By Don Keith  It's Memorial Day weekend again, a time for family, barbecue, mattress sales, and, maybe, paying homage to those who have given their lives for their countries. As I was reflecting on all that, it occurred to me that some of those we honor may have died for what we might consider the wrong causes.  A friend of mine, Michael Stamps, got me thinking when he recently sent out an interesting missive on the subject.  Michael writes: "We must honor our fallen, never forgetting their sacrifice. This is what we must do; this is what is required of the living. We oftentimes remember when they died and at times we are reminded of how. But more often than not, we minimize the reason why they died, simply accepting the words, "to keep us free," without thinking about what words such as these really mean. The concept of freedom means different things to different persons."How true that is!  I recently wrote the biography (“Mattie C.’s Boy”) of a truly remarkable man who overcame unimaginable cruelty—from family as well as strangers, from black as well as white, though he is African-American—to become a much honored and very successful communicator and businessman. Shelley Stewart hates the term “civil rights.” He straightened me out quickly when I idly used it as most of us do.“Legally, we all have civil rights and have for a long time. Everybody does. What we have to fight for is human rights. If we recognize and accept everyone as human, it’s hard for even the biggest bigot to argue that all humans don’t deserve the same rights.” I know wars are fought and men die for wrong or misunderstood causes. That is especially true, I’m afraid, in a time of uninformed people who base their understanding on Twitter posts and Internet postings. Smart marketers disguised as statesmen can convince followers to jump off a cliff in the name of what may or may not be a just fight.  It’s sometimes discouraging to me that we live in a time when information is more easily available than ever before in history yet so many people accept the first point of view they see or are so easily mislead by slick promises and manufactured “truth.”Are we just overwhelmed by the volume of information and opinion?  Or are we too lazy to seek out truths so we make the right decisions on everything from which potato chip to buy for our Memorial Day cookout to which presidential candidate to vote for to which country we bomb into oblivion?I just hope as we honor those who have died on our behalf--for our freedom to learn and choose--that we also take a vow to honor them in a new and far more practical way.  Become better educated, truly listen to all sides of an issue before making up our minds, and to make decisions that may cost people their lives based on more than a snap decision or the well-crafted words of a seductive tyrant.  Or even something a friend posted on Facebook.         [...]

Better hang onto your horse and buggy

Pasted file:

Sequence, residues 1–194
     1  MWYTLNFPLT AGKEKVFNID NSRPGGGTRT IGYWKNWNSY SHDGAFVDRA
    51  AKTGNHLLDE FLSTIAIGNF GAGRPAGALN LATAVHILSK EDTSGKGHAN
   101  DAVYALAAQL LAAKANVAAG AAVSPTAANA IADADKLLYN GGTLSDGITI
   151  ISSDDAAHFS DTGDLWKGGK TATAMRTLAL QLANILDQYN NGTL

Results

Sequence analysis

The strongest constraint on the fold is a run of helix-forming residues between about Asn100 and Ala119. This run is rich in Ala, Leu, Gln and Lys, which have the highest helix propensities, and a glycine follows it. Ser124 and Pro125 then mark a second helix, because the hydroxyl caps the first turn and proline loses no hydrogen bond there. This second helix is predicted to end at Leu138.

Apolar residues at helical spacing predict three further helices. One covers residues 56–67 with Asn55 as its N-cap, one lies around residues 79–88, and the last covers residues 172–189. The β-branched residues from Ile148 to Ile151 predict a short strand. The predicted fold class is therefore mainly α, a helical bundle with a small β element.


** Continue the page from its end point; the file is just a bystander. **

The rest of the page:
by Don Keith N4KCThere continues to be a rabid land rush among AM broadcasters to file for the newly available FM translator channels (very low-power transmitters on relatively low towers designed to re-broadcast the signal of an AM station on the current FM commercial broadcast band).  This get-'em-while-you-can free-for-all is a ploy by the FCC (the government agency that regulates over-the-air broadcasting) to try to save the quickly dying AM broadcast band.Read a few of my other posts below to see what I think of allowing AM station owners to "move" to FM in order to "save" AM.In today's online broadcast trade journal INSIDE RADIO there appears an interesting--and uncharacteristically candid--article about some of the negative aspects of such a shift.  Read it HERE.I understand the thought process behind allowing this mass creation of interference, poor signals, marginal formats and stations that will likely not be promoted or supported by either advertising or technical maintenance. How many of us really believe AM-only operators are going to spend money on promotions, research, personalities, a sales staff and more for a hundred-watt dim-bulb station getting clobbered from all sides by much more powerful signals?  I don't.  Not when their chances of gaining any sizeable audience with such a marginal signal is so very, very low. I also understand that the FCC has little else they can do to help struggling AM outlets. About the only other thing they are doing or considering involves relaxation of some arcane technical rules that will not make a bit of difference in the real world.  A real world in which even those 100,000-watt well-researched FM stations are losing audience to all the other audio choices available to today's listeners.The one result of this whole thing so far?  It will make AM stations have at least some value.  So if you are an AM station owner, you may want to hold onto it so you have an excuse to lease out your low-power FMs to the big operators to put on the air to help further clutter up the band.To me, it's like the government telling you that you can only put a car on the highway if you have a horse and buggy locked away in a barn somewhere.  And the regulators don't have the money or personnel to make sure you feed the horse and grease the wheels on the buggy.[...]